Six very short episodes totaling three hours. Final grade, ‘A’. It’s the story of a newly appointed Chair of an English department at a fictional “near Ivy”. The larger stories are the corporatization of higher education, the declining status of the humanities, and the rising tide of social media-based groupthink among (many) students.
The filmmakers hit the elderly/senile/tenured faculty especially hard and it’s always hilarious. Sandra Oh is excellent as the besieged Chair, but her adopted daughter may be even better. Kids are usually filler, but she’s a complex, edgy, thoughtful human just in smaller form. Other filmmakers take note.
The contrast between the young hip prof and the one well past his expiration date missed the essential element of excellent teaching—the degree and thoughtfulness with which students engage directly with one another. Had I consulted, I would’ve recommended substituting more poetry class-like dialogue for the Hamilton-like performance which was far fetched. Partial credit for that vignette though because with the exception of this all time great teaching film, t.v. and film teachers are almost always center stage.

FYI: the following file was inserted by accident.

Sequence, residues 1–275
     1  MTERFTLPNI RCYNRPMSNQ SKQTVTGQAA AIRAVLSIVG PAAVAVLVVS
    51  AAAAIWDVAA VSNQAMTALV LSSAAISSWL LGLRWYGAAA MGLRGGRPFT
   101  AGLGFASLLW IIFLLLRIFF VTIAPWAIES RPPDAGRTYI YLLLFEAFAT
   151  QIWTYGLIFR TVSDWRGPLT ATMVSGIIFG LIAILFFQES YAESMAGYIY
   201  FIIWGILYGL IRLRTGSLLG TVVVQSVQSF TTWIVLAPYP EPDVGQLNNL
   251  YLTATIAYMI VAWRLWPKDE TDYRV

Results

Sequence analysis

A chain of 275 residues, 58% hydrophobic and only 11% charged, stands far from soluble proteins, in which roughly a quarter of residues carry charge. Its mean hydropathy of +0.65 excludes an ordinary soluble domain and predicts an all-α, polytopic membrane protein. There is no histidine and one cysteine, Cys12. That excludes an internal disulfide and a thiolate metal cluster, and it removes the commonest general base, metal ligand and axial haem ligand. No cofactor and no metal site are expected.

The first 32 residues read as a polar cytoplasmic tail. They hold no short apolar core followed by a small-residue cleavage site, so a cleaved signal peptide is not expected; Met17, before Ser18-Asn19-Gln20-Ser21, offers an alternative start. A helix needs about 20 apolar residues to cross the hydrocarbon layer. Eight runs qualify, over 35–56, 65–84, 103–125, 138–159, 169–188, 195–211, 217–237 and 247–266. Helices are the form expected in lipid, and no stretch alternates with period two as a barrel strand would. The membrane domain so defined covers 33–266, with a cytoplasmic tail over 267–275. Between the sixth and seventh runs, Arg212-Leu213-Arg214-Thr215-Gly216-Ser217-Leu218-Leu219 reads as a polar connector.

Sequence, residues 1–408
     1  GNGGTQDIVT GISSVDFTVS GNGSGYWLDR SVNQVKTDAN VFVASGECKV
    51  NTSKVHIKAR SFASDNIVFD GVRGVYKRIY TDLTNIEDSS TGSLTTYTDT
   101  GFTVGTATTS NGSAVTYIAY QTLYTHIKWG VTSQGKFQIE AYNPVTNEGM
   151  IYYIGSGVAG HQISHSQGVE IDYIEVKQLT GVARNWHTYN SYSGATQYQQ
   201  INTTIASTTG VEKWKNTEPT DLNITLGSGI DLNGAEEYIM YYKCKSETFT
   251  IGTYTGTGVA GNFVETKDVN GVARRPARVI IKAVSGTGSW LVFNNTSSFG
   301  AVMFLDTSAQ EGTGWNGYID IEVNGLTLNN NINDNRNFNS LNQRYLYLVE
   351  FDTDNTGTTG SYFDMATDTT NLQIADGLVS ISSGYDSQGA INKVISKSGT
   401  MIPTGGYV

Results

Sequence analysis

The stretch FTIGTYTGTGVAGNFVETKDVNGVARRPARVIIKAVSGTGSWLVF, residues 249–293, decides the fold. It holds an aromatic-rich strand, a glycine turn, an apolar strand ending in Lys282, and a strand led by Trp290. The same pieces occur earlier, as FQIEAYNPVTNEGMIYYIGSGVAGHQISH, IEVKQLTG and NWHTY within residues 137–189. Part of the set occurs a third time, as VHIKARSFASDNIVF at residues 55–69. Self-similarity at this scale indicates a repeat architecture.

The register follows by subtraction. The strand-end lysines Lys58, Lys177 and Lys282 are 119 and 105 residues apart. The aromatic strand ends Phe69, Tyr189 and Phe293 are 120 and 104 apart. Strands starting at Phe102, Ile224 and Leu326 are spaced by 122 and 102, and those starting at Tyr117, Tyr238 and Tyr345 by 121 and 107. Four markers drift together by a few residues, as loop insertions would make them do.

We don’t go to sporting contests to watch coaches. We don’t go to symphony concerts to (just) watch composers. So why do filmmakers take us into classrooms to primarily watch and listen to teachers? The answer of course is because way, way too many teachers talk way, way too much. And that teacher-centered model has seeped into our consciousness to the point that it’s rarely questioned.
Postscript: Clearly, no sophomore slump for Ted Lasso. Still so well written. A wonderful mix of intelligence, humor, and humanity.